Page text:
‘Tis the season for celebrating and spreading cheer. But you might feel nervous about the holiday season if you are in recovery from drug or alcohol addiction. This time of year can trigger the addiction and make it harder than ever to maintain sobriety.
As your calendar fills with holiday parties and expectations from other people, stress levels can go up. Emotions often arise during the holiday season when you think about memories from the past. Not only are you working through these thoughts and emotions, but you also might be travelling and have a hard time sticking with your sober routines or recovery support systems.
Don’t let yourself become vulnerable to relapse during this holiday season! Right now is the time to prepare so that you can protect the most important gift in your life: living without addiction. These tips will help you maintain sobriety so that you can enjoy the holiday season without slipping back into addictive habits again:
- Plan Ahead: It is inevitable that you will be offered a drink or find yourself in a tempting situation. How will you handle the situation? Have a few lines prepared so that you can easily turn down the drink. This preplanned statement will give you something to say in the moment when you might feel flustered by the situation. You can keep it simple with something like “No thank you, but I would love a Diet Coke with lime please. You don’t owe an explanation, and there is no need to explain your recovery if you don’t want to discuss it with others.
- Be Selective About Social Events: There are many opportunities to spend time with friends and family during this season. It’s probably not realistic to avoid every holiday party. But, you can be selective about the events that you choose to attend. If you know that alcohol will be involved and it will be difficult for you to say no, then you might avoid that party. Or, bring a sober friend who can help you stay on track during the evening.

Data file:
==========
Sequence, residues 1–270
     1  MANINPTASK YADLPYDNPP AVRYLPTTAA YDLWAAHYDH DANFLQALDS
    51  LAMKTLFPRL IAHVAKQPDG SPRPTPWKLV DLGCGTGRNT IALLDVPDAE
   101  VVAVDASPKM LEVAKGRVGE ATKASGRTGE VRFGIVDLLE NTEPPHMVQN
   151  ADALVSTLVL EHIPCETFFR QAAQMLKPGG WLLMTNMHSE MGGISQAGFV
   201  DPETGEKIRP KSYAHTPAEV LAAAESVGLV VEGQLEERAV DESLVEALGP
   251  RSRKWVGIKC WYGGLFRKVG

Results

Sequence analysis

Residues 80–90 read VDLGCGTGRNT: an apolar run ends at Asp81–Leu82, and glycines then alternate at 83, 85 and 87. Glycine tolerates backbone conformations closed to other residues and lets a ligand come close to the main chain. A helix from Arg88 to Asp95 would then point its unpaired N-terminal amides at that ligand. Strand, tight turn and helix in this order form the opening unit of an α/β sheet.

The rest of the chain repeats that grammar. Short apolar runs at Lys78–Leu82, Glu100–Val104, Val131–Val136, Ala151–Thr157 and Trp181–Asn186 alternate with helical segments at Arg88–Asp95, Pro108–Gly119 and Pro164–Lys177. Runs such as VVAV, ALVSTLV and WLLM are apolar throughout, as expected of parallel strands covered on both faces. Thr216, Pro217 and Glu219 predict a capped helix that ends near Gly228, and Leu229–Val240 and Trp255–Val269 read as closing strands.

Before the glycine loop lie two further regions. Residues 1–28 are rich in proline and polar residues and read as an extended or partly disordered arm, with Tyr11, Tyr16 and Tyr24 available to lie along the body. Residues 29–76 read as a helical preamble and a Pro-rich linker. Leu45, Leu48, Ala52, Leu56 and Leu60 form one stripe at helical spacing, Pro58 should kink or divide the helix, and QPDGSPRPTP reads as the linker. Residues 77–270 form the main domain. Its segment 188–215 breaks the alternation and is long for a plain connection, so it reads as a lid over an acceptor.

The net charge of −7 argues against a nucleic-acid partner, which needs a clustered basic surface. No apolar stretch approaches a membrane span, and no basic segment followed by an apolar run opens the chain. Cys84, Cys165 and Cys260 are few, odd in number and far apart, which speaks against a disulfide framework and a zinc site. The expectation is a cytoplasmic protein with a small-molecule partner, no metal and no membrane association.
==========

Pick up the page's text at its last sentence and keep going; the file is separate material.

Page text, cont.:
- Know Your Escape Route: When you are attending a holiday gathering, and the temptation is creeping in, how will you excuse yourself before you give in to the temptation? Have a backup plan so that you can step away from the party so that you can maintain your sobriety. For example, you might drive with a sober friend who is willing to leave any time, instead of being obligated to stay until your drinking friends are done with the party.
- Spend Time with Loved Ones Who Offer the Support You Need: Reach out to the people who will keep you on track in recovery. Do you have friends or family members who encourage your progress? Spend your free time with people who build you up and help you stay out of trouble. On the other hand, it might be time to sever ties with friends who are bad influences or those who have encouraged addictive behaviour in the past. If you are attending meetings, then you should always have a list of at least five people you can call when you need someone to talk to about your sobriety.
- Focus on Your WHY: What is the reason WHY you chose to overcome the addiction? Keeping your reason in the forefront of your mind is a good way to keep you on track when things get hard. Write it down. Keep this reminder in your wallet. When you face temptation, then you can repeat the statement in your mind or even look at the reminder in a private location.
- Make Self Care a Priority: Caring for your mental and physical health is essential to help you avoid common triggers. Even though the holiday season can be a busy time of year, it is important that you make self-care a priority: exercise, eat well and get enough sleep each night. Maintaining good health will keep your defenses high so that you can minimize the risk of falling into addiction again.
Recovery is something to celebrate, and the holiday season is the perfect time of year to enjoy your successes. Use this season to renew your commitment to the positive life changes that have been made over the past year. You worked hard to overcome the issues through addiction and mental health rehab, and you deserve to stay on track in your recovery.